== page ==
For the 2014 Venice Architecture Biennale (on now through 23 November), the exhibition’s curator Rem Koolhaas selected the arguably ambiguous theme of “Absorbing Modernity: 1914-2014” as a guide for all participating nations. As one would expect, such a wide and insidious topic has been interpreted in many different ways, influenced by local spirit and each nation’s unique societal, political and artistic evolution—not to mention history of architecture.
One of the most original interpretations was created by the Russian Federation team, a group consisting of Commissioner Semyon Mikhailovsky and curators from Strelka Institute for Media, Architecture and Design. The historic Russian Pavilion at Giardini has been transformed into “Fair Enough,” an imaginary commercial event meant to promote Russian ideas and ideals. Dazzling lights, a kitschy atmosphere, tacky graphics and no shortage of enthusiastic statements and pandering propaganda make up the self-aware approach. The cohesive aesthetic is so well reproduced and in such a general setting that at times it’s difficult to understand the line between fact and fiction.
As in every good architecture project, the starting point is very clear: begin with an analysis of today’s problems related to life in dense urban areas. For example, one of the biggest issues in developing countries is displacement, since in recent years 144 million people in 125 countries were forced out of their homes due to disasters. What, specifically, about the future of architectural practices can better this? Other questions abound. Are architects too dependent on computers and robots? When considering entertainment, consumerism and the youth, how do we approach storing our “stuff,” since so many own far too much already?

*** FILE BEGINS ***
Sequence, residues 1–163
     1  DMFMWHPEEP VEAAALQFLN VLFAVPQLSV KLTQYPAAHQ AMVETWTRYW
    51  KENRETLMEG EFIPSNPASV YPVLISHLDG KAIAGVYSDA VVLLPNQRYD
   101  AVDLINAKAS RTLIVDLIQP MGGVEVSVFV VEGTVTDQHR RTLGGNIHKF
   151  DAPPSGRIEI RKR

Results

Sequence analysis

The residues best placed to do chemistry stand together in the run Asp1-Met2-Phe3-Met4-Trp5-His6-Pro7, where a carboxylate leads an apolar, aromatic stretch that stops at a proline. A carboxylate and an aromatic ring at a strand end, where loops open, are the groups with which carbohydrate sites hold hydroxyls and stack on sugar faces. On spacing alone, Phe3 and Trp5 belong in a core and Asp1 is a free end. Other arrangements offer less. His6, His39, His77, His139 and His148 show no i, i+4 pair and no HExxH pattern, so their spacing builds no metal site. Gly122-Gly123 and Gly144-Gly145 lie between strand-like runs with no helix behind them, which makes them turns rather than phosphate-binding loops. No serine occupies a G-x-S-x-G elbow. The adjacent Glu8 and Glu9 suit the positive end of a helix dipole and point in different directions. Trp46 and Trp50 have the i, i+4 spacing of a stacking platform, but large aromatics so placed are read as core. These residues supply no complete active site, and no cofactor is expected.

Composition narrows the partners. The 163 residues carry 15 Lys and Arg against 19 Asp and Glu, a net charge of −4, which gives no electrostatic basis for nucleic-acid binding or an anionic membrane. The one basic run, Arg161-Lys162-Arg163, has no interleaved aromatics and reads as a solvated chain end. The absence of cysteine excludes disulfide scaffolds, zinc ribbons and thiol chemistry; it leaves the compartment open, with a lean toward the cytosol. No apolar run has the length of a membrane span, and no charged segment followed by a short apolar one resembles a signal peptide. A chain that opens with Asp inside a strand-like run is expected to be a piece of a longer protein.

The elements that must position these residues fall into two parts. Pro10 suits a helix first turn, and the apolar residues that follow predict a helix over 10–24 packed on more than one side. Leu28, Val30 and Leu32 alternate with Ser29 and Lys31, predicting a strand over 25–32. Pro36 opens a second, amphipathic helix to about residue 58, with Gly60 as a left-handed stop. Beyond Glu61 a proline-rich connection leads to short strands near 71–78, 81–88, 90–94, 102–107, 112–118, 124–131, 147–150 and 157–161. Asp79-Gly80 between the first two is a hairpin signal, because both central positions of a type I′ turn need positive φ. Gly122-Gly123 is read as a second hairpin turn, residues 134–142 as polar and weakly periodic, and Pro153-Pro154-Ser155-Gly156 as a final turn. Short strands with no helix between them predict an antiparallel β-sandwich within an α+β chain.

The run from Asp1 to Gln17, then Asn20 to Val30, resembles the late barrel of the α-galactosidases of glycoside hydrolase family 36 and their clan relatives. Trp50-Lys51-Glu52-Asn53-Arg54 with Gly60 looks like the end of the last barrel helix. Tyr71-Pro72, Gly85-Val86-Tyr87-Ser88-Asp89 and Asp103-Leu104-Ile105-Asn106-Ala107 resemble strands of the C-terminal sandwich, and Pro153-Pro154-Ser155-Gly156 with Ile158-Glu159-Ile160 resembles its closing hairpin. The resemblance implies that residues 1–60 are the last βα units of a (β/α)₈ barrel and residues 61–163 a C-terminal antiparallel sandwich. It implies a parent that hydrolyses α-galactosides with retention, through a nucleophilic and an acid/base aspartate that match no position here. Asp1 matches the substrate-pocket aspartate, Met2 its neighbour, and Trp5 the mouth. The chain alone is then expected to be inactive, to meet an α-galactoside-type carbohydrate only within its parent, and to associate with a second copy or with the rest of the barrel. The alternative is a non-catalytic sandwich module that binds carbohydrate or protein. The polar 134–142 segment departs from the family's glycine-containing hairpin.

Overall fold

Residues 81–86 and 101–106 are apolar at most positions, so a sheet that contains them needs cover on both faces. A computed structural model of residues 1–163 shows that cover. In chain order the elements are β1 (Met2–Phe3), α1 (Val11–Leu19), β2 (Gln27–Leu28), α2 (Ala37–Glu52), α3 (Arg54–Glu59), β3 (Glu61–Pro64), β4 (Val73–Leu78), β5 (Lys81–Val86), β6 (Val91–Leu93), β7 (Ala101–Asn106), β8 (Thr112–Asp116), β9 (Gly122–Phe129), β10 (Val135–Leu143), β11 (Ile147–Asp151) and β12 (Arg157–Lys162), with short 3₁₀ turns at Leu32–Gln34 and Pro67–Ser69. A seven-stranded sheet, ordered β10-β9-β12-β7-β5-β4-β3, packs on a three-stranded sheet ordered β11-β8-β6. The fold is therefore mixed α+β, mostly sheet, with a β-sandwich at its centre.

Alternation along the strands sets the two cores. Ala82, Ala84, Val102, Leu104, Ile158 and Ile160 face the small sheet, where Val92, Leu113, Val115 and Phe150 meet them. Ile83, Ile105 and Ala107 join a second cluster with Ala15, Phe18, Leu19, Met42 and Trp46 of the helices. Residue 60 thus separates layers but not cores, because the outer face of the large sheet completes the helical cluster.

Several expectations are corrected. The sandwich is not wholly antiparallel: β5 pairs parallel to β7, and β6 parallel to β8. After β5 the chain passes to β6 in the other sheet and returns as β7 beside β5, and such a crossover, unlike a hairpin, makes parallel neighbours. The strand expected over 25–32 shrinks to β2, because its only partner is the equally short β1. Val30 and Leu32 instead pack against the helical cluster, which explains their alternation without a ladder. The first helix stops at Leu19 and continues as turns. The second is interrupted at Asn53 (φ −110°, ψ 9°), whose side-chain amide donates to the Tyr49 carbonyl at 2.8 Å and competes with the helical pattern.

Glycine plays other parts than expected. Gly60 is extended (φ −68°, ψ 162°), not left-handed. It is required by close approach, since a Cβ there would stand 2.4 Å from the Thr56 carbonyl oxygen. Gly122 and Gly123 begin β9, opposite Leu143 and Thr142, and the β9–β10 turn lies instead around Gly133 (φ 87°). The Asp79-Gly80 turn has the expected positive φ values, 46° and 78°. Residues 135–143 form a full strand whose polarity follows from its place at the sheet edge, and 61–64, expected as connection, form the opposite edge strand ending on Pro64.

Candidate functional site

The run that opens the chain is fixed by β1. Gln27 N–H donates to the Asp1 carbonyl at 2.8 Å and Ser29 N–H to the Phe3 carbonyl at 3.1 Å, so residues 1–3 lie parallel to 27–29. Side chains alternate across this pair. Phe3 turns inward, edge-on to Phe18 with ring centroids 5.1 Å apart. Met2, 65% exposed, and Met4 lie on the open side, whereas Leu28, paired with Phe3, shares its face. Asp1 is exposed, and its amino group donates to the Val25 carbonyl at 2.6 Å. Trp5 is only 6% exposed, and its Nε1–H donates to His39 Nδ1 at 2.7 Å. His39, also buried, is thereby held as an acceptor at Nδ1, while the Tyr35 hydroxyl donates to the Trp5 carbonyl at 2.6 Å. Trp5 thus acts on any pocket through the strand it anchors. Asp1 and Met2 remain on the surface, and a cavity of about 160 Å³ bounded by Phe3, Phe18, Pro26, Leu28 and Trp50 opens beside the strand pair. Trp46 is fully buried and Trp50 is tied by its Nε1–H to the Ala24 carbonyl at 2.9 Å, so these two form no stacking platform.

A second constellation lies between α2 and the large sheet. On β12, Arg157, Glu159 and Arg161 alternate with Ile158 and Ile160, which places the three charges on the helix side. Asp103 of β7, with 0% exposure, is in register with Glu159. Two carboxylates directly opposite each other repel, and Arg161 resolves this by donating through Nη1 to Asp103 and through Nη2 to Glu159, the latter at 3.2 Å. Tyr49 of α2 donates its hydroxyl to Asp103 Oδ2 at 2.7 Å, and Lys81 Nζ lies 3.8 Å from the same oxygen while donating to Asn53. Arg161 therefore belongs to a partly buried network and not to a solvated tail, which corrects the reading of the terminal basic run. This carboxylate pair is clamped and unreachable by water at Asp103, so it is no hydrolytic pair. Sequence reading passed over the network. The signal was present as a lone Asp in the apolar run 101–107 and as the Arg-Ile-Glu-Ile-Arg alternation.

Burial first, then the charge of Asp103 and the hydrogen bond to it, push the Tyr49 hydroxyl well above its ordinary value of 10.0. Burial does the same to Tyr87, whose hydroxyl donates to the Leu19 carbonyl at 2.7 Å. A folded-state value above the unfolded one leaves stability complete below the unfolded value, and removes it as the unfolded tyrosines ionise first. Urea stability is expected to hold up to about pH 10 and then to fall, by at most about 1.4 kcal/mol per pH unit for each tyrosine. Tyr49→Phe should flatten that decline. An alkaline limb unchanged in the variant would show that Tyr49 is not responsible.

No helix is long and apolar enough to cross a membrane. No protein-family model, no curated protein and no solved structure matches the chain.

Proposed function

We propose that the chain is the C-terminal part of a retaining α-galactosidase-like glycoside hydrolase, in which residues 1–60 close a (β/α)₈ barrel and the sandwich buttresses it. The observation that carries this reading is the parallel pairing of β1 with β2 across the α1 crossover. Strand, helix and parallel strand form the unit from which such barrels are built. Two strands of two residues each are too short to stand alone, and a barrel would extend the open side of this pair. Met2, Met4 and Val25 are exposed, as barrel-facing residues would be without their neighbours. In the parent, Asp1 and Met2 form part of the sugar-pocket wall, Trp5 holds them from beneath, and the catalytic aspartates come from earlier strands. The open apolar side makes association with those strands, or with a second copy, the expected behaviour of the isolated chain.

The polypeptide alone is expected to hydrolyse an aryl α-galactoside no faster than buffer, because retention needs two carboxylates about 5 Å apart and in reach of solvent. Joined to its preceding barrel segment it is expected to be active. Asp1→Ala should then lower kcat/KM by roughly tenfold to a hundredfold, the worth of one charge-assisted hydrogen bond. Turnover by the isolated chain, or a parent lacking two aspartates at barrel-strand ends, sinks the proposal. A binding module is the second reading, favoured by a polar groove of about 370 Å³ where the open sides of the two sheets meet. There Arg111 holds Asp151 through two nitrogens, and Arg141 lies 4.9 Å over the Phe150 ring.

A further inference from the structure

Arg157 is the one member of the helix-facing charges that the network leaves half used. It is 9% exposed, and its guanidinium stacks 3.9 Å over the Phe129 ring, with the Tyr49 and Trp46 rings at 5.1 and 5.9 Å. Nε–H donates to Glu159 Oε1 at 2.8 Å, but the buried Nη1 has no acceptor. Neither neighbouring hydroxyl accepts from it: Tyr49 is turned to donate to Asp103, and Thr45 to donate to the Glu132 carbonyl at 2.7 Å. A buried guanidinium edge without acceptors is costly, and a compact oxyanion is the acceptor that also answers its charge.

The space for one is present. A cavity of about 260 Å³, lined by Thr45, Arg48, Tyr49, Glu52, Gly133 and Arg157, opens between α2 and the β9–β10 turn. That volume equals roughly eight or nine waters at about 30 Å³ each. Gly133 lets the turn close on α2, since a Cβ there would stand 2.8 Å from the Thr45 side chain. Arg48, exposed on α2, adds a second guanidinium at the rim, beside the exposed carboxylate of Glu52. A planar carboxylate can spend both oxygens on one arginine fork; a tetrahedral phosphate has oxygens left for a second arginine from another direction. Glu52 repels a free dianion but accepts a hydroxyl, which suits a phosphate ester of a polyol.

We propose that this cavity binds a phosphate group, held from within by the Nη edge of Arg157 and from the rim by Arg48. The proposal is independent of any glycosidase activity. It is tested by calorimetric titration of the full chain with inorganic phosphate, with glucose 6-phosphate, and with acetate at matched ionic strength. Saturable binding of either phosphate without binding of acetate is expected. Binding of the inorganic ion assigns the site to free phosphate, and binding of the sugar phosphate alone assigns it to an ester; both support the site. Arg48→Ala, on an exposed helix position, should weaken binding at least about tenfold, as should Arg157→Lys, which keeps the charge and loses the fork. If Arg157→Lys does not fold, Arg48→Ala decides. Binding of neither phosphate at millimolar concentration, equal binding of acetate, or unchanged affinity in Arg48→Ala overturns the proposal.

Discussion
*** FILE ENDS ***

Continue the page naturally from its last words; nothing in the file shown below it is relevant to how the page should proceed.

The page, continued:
It’s easy to say that we can solve contemporary problems so long as we don’t forget the past, but the Russian curators have made this statement paradoxically strong and clear with the slogan of “Russia’s past, our present.” In this way, at “Fair Enough” there is a way out for every obstacle, and it can be found in the long (and controversial) history of Russian Architecture.
Speaking to the point of storage, the Russian Federation answers with the already existing Dacha, the traditional cottages used as second homes that became popular during the Soviet era. In response to an attack or a disaster, there’s Ark-Stroy; a super-strong housing system designed for the USSR’s Ministry of Atomic Energy and built in the Tulskaya neighborhood of Moscow. Such “solutions” allow the viewer to rethink stigmas and genuinely reconsider the recycling of “old” ideas.
As the exhibition continues, it showcases more interesting examples of decoration from the monumental Moscow subway, educational methods for children, influences of Russian architecture abroad and the stunning works by Suprematist artist and designer El Lissitzky, just to name a few. In each section it’s possible to find promotional materials like leaflets, brochures and catalogues, all of course designed perfectly in sync with the expo-like environment.
Also worth noting is the work coordinated by Maria Kosareva, as she’s been able to recreate different graphic styles according to the content and the historic period of reference. Thankfully, for all design enthusiasts in attendance, she even included Russia’s curious, historic graphic nightmares: arrows, yellow letters with shadows, dreadful fonts and overly saturated pictures of smiling people. Regardless of portion of the exhibition visited, Russia’s contribution is one not to miss.
Second image courtesy of The Charnel House, all others courtesy of Venice Architecture Biennale